18. Comparison of two stents in modifying cerebral aneurysm hemodynamics.

    Science.gov (United States)

    Kim, Minsuok; Taulbee, Dale B; Tremmel, Markus; Meng, Hui

    2008-05-01

    There is a general lack of quantitative understanding about how specific design features of endovascular stents (struts and mesh design, porosity) affect the hemodynamics in intracranial aneurysms. To shed light on this issue, we studied two commercial high-porosity stents (Tristar stent and Wallstent) in aneurysm models of varying vessel curvature as well as in a patient-specific model using Computational Fluid Dynamics. We investigated how these stents modify hemodynamic parameters such as aneurysmal inflow rate, stasis, and wall shear stress, and how such changes are related to the specific designs. We found that the flow damping effect of stents and resulting aneurysmal stasis and wall shear stress are strongly influenced by stent porosity, strut design, and mesh hole shape. We also confirmed that the damping effect is significantly reduced at higher vessel curvatures, which indicates limited usefulness of high-porosity stents as a stand-alone treatment. Finally, we showed that the stasis-inducing performance of stents in 3D geometries can be predicted from the hydraulic resistance of their flat mesh screens. From this, we propose a methodology to cost-effectively compare different stent designs before running a full 3D simulation. PMID:18264766

  19. Covered stents in iliac artery occlusive disease: what is the evidence?

    Science.gov (United States)

    Mwipatayi, Patrice B; Suthers, Elizabeth; Thomas, Shannon D; Altaf, Nishath

    2016-06-01

    The last two decades have seen a revolution in the treatment of aortoiliac occlusive disease (AIOD). Acceptable safety and durability outcomes have now been realized with endovascular treatments, which is increasingly finding a place in the treatment of AIOD. Evolution of stent technologies and endovascular techniques is seeing an expansion of AIOD lesions indicated for primary endovascular treatment. The literature evidence basis is continuously evolving, and questions remain as to the optimal form of vessel treatment. Covered stents have been increasingly promoted for their long-term durability, particularly in extensive, challenging AIOD lesions. Here, we explore the seminal evidence basis for covered stents in the treatment of AIOD, and aim to provide a sound evidence based argument for their use. PMID:27029673

  20. Carotid angioplasty with cerebral protection

    International Nuclear Information System (INIS)

    Background. Carotid endarterectomy (CEA) is widely used in the management of high-grade carotid stenosis. It is a surgical procedure requiring general anaesthesia and is suitable only for lesions located at or close to the carotid bifurcation. It may develop complications, such as stroke, death, cranial nerve palsies, wound haematoma and cardiac complications. The risk of complications is increased in patients with recurrent carotid artery stenosis following CEA, in subjects undergoing radiotherapy to the neck, and in patients with cardiopulmonary disease. The drawbacks of CEA have led physicians to search for alternative treatment options. Carotid angioplasty and stenting (CAS) is less invasive than CEA. The method is particularly suitable for the treatment of recurrent stenosis after previous CEA and distal internal artery stenosis, which is inaccessible for CEA. CAS does not cause cranial nerve palsies. Moreover, it does not require general anaesthesia and causes lower morbidity and mortality in patients with severe cardiopulmonary disease. The complications of CAS include stroke due to distal immobilisation of a plaque or thrombus dislodged during the procedure, abrupt vessel occlusion due to thrombosis, dissection or vasospasm, and restenosis due to intimal hyperplasia. CAS is a relatively new procedure; therefore, it is essential to establish its efficacy and safety before it is introduced widely into clinical practice. Patients and methods. In Slovenia, we have also started with carotid angioplasty by the study: Slovenian Carotid Angioplasty Study (SCAS). We performed CAS in 17 patients (12 males and 5 females) aged from 69 to 82 years. All patients were symptomatic with stenosis greater than 70 %. 10 patients suffered transient ischemic attacks, 4 patients minor strokes and 3 patients amaurosis fugax. Results. Technical success (< 30 % residual stenosis) was achieved in all cases. In 14 patients, no residual stenosis was found, in 2 patients a 15 % residual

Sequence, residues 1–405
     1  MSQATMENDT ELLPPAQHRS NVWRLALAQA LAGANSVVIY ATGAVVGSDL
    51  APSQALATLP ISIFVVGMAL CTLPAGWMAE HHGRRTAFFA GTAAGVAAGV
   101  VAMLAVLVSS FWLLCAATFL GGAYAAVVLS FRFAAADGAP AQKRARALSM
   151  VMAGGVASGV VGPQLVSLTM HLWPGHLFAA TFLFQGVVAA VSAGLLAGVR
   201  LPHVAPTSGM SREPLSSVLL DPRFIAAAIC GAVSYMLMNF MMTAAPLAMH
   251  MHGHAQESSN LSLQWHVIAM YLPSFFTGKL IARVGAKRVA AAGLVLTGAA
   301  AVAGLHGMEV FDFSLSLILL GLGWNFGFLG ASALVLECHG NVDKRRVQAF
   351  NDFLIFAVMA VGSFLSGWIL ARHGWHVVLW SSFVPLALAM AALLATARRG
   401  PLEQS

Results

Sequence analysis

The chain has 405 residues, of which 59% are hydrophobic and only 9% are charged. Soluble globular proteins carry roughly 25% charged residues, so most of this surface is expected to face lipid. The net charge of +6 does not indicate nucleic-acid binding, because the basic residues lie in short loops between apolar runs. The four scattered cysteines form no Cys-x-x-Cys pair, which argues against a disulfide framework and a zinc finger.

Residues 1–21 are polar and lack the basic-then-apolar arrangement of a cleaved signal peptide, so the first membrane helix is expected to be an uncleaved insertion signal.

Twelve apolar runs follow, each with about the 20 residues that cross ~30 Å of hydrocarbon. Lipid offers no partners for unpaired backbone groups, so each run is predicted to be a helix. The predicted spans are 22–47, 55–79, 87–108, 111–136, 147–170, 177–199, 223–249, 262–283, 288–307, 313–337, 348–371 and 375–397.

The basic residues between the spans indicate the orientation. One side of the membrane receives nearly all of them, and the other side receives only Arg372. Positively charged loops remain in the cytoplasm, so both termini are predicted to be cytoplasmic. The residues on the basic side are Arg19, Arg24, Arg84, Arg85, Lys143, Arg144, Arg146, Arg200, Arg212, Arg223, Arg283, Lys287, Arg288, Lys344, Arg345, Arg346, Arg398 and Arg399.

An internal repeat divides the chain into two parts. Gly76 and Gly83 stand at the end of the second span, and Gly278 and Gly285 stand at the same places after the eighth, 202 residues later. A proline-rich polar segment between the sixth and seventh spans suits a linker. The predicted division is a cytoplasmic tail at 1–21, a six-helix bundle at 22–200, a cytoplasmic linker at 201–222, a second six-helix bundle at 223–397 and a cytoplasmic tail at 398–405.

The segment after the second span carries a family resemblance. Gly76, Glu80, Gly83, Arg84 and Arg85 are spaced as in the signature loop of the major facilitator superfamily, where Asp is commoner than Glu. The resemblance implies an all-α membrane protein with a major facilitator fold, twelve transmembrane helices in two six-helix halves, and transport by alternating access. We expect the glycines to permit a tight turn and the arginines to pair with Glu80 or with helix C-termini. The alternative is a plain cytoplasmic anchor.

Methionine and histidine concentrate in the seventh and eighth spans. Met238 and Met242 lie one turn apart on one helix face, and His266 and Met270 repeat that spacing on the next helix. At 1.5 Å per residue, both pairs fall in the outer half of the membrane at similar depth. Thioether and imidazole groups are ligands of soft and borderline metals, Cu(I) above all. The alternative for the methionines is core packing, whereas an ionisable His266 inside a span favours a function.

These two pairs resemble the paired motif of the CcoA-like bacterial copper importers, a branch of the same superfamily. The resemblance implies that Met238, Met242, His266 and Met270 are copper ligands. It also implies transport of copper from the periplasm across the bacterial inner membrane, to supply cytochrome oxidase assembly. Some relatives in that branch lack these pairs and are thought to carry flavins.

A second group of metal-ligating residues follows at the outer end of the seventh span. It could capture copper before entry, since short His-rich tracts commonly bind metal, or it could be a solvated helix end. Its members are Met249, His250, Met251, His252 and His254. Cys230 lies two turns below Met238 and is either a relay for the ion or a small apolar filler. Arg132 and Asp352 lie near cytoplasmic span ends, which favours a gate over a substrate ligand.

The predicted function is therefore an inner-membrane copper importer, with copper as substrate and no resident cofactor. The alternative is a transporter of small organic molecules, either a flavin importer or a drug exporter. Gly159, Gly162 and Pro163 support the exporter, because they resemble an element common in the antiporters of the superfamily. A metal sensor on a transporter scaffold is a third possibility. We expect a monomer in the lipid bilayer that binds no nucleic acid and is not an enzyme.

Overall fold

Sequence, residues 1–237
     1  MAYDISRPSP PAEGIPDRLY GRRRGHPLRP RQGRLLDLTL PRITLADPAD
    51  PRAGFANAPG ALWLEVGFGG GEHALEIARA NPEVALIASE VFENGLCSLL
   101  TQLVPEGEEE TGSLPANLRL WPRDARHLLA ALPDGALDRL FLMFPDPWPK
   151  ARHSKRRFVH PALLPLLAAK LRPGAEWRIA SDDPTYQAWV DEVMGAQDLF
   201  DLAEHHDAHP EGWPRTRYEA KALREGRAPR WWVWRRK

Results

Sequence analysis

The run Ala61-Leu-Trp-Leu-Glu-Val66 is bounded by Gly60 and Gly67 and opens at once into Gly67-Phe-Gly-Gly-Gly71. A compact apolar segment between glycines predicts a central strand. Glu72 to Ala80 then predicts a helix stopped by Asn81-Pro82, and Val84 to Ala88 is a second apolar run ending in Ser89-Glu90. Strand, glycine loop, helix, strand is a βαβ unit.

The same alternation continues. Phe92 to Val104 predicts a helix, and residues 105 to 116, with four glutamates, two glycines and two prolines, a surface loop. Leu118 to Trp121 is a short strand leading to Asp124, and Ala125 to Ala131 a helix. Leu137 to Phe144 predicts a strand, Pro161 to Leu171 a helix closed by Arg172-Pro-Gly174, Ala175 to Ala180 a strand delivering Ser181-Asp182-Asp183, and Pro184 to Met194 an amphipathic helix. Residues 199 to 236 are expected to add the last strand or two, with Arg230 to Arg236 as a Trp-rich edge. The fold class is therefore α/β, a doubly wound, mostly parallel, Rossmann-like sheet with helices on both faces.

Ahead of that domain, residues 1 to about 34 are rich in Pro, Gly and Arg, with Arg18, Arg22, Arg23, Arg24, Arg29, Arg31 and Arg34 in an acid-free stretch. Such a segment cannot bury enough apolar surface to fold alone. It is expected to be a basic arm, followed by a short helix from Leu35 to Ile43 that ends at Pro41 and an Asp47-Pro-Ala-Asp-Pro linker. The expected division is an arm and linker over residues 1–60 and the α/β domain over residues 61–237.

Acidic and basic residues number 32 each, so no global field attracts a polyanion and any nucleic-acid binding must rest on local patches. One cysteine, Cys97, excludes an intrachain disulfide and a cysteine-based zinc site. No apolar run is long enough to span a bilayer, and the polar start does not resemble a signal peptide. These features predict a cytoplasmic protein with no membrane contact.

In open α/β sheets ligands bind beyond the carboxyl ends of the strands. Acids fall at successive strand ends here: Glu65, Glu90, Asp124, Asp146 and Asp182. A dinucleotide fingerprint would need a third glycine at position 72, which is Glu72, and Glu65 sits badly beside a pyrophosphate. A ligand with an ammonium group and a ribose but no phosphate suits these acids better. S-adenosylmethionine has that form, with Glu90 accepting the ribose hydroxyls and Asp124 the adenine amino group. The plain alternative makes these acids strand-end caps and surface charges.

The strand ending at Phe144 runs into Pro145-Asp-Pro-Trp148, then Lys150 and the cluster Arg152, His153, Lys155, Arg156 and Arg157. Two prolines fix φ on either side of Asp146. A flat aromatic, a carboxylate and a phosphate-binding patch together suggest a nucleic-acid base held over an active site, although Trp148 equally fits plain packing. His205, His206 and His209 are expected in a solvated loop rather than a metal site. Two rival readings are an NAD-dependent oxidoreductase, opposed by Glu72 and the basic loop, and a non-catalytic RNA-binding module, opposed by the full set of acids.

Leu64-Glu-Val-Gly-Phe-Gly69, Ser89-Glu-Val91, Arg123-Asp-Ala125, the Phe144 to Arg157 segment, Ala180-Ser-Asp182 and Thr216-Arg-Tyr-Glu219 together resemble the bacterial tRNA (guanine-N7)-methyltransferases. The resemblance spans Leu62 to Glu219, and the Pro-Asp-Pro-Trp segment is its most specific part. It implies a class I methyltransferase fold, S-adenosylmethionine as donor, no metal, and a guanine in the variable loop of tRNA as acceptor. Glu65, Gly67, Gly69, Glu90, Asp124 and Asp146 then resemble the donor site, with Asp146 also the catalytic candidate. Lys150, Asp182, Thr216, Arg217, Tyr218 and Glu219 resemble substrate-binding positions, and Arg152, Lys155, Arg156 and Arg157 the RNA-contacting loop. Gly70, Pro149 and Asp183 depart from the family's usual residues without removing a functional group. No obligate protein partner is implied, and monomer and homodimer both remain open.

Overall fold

1. Carotid and femoral atherosclerotic plaques show different morphology. : Patterns of Peripheral Arterial Disease

    OpenAIRE

    Herisson, Fanny; Heymann, Marie-Françoise; Chétiveaux, Maud; Charrier, Céline; Battaglia, Séverine; Pilet, Paul; Rouillon, Thierry; Krempf, Michel; Lemarchand, Patricia; Heymann, Dominique; Gouëffic, Yann

    2011-01-01